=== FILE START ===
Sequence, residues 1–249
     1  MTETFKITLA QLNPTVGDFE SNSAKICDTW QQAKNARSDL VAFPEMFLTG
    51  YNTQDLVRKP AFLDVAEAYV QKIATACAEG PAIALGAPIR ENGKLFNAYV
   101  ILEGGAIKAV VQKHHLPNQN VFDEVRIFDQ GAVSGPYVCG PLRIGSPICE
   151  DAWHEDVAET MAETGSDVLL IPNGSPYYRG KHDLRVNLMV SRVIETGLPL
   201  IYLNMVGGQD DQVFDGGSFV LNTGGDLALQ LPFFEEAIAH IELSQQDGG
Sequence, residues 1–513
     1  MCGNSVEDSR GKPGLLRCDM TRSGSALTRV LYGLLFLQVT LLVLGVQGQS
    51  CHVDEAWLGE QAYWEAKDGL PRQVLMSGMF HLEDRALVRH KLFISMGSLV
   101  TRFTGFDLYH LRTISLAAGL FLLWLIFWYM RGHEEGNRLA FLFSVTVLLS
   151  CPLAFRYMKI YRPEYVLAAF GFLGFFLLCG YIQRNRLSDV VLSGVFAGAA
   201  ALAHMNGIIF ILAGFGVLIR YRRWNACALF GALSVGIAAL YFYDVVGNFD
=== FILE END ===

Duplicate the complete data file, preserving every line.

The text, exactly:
Sequence, residues 1–249
     1  MTETFKITLA QLNPTVGDFE SNSAKICDTW QQAKNARSDL VAFPEMFLTG
    51  YNTQDLVRKP AFLDVAEAYV QKIATACAEG PAIALGAPIR ENGKLFNAYV
   101  ILEGGAIKAV VQKHHLPNQN VFDEVRIFDQ GAVSGPYVCG PLRIGSPICE
   151  DAWHEDVAET MAETGSDVLL IPNGSPYYRG KHDLRVNLMV SRVIETGLPL
   201  IYLNMVGGQD DQVFDGGSFV LNTGGDLALQ LPFFEEAIAH IELSQQDGG
Sequence, residues 1–513
     1  MCGNSVEDSR GKPGLLRCDM TRSGSALTRV LYGLLFLQVT LLVLGVQGQS
    51  CHVDEAWLGE QAYWEAKDGL PRQVLMSGMF HLEDRALVRH KLFISMGSLV
   101  TRFTGFDLYH LRTISLAAGL FLLWLIFWYM RGHEEGNRLA FLFSVTVLLS
   151  CPLAFRYMKI YRPEYVLAAF GFLGFFLLCG YIQRNRLSDV VLSGVFAGAA
   201  ALAHMNGIIF ILAGFGVLIR YRRWNACALF GALSVGIAAL YFYDVVGNFD